René Teijgeler is a social scientist and a conservator. He started his academic career in 1970 with his studies in Sociology (BA) and Social Psychology (MA). As he developed a taste for books, he started studying book and paper conservation (BA). A year later, he was appointed Conservator at the National Library of the Netherlands. As his interests took him to preservation cultures outside Europe, he continued his academic training in Anthropology (MA cum laude).
Working for Fair Trade NL, he became acquainted with the ins and outs of humanitarian aid. After serving as cultural advisor in Iraq (2004-2005) and in Afghanistan (2009), he knows what it means to preserve heritage in times of conflict. Since then, he advised many governments, international heritage organizations, lectured in many capitals and published many articles. In February 2013, René was co-founder of the NGO Heritage for Peace, which assists Syrian heritage colleagues during the conflict to save their heritage, and which he still advises.
Isber is a Syrian archaeologist, specializing in cultural heritage management, as well as a certified National Tourist Guide in Syria. He has been a member of the Syrian Spanish team of the Spanish National Research Council (CSIC) since 2005. Since 2011, Isber has been a Researchers at the Institución Milá y Fontanals of the Spanish National Research Council and has been involved in projects and studies on the protection of cultural heritage during conflicts.
He is currently chair and co-founder of the international NGO Heritage for Peace. Since 2015, he has been involved in cultural initiatives for refugees and immigrants in Europe. He is leading the Abuab Initiative, which is a social project that works on using cultural heritage as a tool for intercultural dialogue with refugees and immigrants from the Middle East and North Africa.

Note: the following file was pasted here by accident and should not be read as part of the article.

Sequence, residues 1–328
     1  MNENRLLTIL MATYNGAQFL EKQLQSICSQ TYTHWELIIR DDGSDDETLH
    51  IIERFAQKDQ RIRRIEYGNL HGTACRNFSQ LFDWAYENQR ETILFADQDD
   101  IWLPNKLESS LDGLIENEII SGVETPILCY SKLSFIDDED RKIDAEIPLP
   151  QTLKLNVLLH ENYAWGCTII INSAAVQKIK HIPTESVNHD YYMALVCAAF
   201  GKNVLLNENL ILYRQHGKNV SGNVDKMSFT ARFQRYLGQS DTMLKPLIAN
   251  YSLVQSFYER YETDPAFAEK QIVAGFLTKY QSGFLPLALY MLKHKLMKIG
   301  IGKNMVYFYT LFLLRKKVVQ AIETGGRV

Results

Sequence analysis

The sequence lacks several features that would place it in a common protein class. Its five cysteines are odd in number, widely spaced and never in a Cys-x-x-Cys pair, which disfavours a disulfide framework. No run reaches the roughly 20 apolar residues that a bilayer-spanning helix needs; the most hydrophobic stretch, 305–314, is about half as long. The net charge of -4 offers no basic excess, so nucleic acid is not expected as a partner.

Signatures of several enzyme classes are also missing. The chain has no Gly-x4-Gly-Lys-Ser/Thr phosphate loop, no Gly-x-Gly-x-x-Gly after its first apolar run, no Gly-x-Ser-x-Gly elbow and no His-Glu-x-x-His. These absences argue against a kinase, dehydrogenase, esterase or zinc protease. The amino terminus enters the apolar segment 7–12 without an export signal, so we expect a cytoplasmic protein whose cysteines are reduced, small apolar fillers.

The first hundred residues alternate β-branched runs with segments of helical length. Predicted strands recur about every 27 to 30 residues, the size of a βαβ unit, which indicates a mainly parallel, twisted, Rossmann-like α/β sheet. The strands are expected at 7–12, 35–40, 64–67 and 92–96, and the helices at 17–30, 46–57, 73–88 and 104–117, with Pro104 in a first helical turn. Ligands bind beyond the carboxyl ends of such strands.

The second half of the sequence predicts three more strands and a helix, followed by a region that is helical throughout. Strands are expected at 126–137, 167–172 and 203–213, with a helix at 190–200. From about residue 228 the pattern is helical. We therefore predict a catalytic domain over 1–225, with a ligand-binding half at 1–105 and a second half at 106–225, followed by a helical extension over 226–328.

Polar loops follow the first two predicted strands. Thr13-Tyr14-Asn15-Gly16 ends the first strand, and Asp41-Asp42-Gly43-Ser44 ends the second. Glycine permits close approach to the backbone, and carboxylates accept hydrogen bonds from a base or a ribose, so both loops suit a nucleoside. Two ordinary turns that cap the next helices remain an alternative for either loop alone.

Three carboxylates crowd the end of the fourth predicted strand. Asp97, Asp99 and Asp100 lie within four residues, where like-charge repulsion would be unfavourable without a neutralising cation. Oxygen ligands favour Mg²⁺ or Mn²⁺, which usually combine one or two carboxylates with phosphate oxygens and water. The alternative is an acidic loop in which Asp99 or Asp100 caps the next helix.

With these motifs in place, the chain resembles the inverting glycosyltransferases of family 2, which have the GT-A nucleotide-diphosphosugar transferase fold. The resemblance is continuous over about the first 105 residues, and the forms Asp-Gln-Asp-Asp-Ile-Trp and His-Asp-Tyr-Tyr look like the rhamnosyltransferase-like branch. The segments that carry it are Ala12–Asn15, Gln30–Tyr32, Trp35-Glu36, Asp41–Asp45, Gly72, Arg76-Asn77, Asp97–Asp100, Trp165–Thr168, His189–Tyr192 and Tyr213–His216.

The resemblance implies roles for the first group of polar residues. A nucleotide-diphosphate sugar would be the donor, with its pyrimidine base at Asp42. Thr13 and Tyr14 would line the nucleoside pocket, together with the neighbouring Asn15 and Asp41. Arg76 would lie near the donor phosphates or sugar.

Jose Antonio González Zarandona
Dr José Antonio González Zarandona studied Communication, Literature, Film, Art History and Heritage Studies in Puebla, Salamanca and Melbourne. Based in Melbourne, he has worked in different heritage environments as a museum professional and curator in Australia. He has also been a visiting fellow at the University of Birmingham, Goldsmiths University and Columbia University. He has received awards and funds from the Australian Academy of the Humanities and the British Academy to conduct research on heritage destruction, and he has collaborated with Forensic Architecture in two projects on heritage destruction. He has widely published on the topic, and his book Murujuga – Rock Art, Heritage and Landscape Iconoclasm has been recently published by the University of Pennsylvania Press. He is currently working as an Associate Research Fellow at the Alfred Deakin Institute for Citizenship and Globalisation, and since 2018, he is the Vice-president of Heritage for Peace.
She has over 15 years of experience in managing cultural heritage projects, especially in conflict areas with vulnerable populations (mainly internally displaced persons, refugees, ex-combatants, farmers, and children). She also has extensive experience in Intangible Cultural Heritage, Disaster Risk Management, World Heritage and heritage capacity building. Her experience is not limited to Colombia, but also to Somalia, Albania and Korea. She has a master’s degree in World Heritage and Cultural Projects, another in Social Policy and is a PhD candidate in Anthropology – Marie Curie Fellowship.
Dacia Viejo-Rose is a Lecturer in Heritage and the Politics of the Past at the Department of Archaeology, University of Cambridge where she coordinates the Heritage MPhil program and is a Fellow at Selwyn College. She also directs the Cambridge Heritage Research Centre
(https://www.heritage.arch.cam.ac.uk/). Her work focuses on cultural violence, how notions of risk inform heritage values, and reparations for the destruction of cultural heritage.